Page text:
Front Porch Chats
By: Shannon Courington
In the middle of what is usually a boisterous, lively week in Jackson and Leroy, there is silence. Instead of talking about the upcoming start to the 2018 high school football season, the community is mourning a deep loss. No one seems to be interested in the Battle of the Tombigbee this week, although it is supposed to kick off in mere hours. Jackson Academy was slated to travel to Linden to take on the Marengo Longhorns, but right now no one’s thoughts are on the games.
Instead, our thoughts are with the families of two 16-year-old boys who were killed tragically while traveling a road familiar to them on Tuesday afternoon. The mothers to these boys have each taught our children. The boys themselves had achieved high honors in their classes at Jackson Academy and had been recognized for having the highest averages in various subjects. In a small community, we each have a connection somehow to the families affected by tragedy.
The support and love shown in the hours since the terrible accident has been remarkable. Jackson Academy students gathered at the school Tuesday evening to comfort one another, to grieve together and to pray corporately for the families of their classmates and friends. They were joined by their teachers, their parents, alumni and concerned members of the community who are not affiliated at all with Jackson Academy.
“You just never know,” we say this so often. It’s our go-to phrase when we don’t have the words to express the shock and horror over an unexpected loss such as this one or an unforeseen diagnosis. No, we truly never know when heartbreak may strike us, our children or our extended families, but we have learned through the years in this community, that when tragedy comes, no one is alone.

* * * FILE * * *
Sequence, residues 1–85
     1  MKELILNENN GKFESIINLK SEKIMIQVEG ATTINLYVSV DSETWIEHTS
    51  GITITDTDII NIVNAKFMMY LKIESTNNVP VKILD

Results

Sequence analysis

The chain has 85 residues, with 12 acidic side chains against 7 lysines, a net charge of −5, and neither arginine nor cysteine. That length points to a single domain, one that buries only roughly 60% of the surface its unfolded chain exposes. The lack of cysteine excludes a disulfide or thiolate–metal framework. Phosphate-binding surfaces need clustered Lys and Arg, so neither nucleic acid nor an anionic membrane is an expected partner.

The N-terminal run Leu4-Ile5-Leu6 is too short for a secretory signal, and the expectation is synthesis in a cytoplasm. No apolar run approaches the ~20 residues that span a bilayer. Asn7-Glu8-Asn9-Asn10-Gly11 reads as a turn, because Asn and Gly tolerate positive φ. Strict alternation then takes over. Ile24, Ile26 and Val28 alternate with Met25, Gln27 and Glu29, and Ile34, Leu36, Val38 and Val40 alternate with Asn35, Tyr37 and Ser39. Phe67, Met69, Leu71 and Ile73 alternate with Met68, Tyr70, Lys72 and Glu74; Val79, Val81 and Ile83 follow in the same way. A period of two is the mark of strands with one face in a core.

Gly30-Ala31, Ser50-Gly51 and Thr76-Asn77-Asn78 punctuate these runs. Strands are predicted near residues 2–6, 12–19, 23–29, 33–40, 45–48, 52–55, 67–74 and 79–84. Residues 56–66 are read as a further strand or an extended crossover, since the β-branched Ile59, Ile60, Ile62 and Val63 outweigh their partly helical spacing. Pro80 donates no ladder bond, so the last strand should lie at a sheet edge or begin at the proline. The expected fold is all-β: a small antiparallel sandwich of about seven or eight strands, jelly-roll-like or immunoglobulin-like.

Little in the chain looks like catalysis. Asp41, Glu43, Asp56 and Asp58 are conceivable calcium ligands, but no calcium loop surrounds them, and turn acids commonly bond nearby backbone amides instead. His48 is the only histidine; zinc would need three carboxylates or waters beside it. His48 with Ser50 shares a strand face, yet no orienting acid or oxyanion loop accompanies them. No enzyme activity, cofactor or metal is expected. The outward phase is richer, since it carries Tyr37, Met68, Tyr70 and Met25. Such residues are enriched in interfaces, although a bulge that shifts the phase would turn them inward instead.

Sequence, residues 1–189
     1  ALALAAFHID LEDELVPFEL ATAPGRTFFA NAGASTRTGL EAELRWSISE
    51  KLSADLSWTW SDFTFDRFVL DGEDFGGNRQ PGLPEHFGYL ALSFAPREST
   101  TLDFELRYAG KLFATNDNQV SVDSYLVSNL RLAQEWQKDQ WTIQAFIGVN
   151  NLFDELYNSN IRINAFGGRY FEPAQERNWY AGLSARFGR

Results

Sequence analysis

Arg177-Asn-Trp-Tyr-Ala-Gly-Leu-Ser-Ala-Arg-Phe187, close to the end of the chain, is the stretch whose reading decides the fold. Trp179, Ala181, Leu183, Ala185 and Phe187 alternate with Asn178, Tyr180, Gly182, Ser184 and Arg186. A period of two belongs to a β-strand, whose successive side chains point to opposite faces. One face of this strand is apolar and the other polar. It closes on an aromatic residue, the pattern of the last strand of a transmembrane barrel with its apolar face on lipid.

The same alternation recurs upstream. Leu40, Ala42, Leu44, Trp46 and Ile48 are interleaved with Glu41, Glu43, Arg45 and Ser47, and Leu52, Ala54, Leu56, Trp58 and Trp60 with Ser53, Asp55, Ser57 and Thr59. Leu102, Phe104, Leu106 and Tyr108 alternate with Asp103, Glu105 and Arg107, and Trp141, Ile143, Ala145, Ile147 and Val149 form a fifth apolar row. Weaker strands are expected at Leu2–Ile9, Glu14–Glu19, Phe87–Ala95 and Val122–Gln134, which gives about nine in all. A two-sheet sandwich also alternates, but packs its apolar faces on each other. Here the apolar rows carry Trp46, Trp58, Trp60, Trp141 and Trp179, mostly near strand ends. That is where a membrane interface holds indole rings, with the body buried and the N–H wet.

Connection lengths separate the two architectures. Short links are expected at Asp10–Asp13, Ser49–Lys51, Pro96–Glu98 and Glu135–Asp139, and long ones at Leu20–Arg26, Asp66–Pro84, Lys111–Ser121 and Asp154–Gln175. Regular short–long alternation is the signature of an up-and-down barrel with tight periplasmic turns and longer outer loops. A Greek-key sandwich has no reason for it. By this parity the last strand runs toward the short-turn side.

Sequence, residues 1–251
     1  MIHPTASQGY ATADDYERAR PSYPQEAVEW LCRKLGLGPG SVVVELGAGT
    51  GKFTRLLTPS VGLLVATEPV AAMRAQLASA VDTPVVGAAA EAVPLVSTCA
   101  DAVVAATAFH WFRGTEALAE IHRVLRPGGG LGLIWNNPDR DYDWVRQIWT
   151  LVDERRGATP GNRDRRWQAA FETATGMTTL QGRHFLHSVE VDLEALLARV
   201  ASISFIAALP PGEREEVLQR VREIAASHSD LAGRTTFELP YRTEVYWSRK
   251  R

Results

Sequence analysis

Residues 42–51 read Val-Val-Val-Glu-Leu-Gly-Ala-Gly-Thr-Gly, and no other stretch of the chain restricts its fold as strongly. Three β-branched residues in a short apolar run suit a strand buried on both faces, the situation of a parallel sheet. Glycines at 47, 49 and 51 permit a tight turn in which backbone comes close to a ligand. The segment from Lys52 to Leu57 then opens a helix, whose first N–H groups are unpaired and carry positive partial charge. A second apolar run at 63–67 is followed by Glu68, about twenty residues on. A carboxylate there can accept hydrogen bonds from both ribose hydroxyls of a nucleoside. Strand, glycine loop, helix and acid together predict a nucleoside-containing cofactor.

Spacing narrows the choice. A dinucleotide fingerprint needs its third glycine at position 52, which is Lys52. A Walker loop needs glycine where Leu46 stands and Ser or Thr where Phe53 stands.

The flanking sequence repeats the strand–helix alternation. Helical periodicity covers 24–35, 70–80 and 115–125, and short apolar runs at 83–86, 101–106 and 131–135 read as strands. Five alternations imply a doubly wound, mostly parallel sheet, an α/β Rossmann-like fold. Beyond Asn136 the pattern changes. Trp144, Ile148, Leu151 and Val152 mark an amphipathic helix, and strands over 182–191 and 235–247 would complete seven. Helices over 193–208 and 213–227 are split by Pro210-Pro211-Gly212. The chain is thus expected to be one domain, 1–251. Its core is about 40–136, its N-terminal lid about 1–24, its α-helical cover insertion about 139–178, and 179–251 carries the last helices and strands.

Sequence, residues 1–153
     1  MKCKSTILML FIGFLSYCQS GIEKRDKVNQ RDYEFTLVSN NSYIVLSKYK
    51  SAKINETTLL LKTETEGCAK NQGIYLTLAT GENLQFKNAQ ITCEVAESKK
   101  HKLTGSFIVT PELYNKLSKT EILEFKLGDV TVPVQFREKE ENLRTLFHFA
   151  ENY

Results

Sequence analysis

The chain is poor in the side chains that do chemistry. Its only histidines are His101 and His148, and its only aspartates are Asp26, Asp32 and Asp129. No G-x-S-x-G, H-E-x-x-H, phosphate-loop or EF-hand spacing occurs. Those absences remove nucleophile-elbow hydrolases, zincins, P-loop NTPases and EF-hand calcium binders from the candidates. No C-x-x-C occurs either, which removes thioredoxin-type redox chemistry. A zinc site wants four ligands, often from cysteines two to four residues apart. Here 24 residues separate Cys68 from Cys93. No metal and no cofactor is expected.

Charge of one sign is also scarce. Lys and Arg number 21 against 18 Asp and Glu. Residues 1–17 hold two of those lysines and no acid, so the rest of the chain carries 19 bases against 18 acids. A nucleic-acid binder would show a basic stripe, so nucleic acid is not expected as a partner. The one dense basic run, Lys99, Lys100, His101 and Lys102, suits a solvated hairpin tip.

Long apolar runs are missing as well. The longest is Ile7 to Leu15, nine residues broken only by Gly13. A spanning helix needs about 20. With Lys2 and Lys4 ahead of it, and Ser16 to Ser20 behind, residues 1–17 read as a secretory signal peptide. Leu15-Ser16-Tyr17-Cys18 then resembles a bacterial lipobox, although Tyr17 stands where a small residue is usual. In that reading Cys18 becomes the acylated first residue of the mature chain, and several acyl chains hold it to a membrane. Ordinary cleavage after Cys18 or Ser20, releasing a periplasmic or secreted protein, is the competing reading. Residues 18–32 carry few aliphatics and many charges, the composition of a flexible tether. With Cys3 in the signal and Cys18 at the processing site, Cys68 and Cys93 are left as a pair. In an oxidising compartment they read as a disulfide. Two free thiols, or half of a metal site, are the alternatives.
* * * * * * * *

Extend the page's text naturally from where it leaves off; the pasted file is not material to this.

Small communities are often looked down upon because everyone seems to know everything about everybody else. On an ordinary day, this “awareness” can be annoying. However, when there is hurt in the community, we appreciate the prayers, the encouraging words and the acts of kindness. We also are keenly reminded of the importance of first responders. We are reminded that our firemen volunteer their time in order to keep our communities safe; that policemen and deputies are critical members of the community, that EMTs have an enormous amount of responsibility. We are also reminded that at the end of the day, they go home to invest in their own families after saving members of ours.
There are not adequate words to communicate the magnitude of the losses that families in our area are experiencing right now. May we all confront the tragedy with courage and meet the needs of the ones who are hurting. May we live intentionally, making an effort to offer a simple “hello” or a smile to a stranger. Pick up the phone. Make an actual phone call to an old friend or to a neighbor that you’ve been too busy to catch up with. Let’s evaluate our busyness and prioritize our lives. Let’s attempt to live less out of habit and more out of intent.
Let’s reach out to those who are hurting with our prayers, our words and our actions every day, not just on days that force us to reckon with loss.
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Weekly columnist. Feature Writer.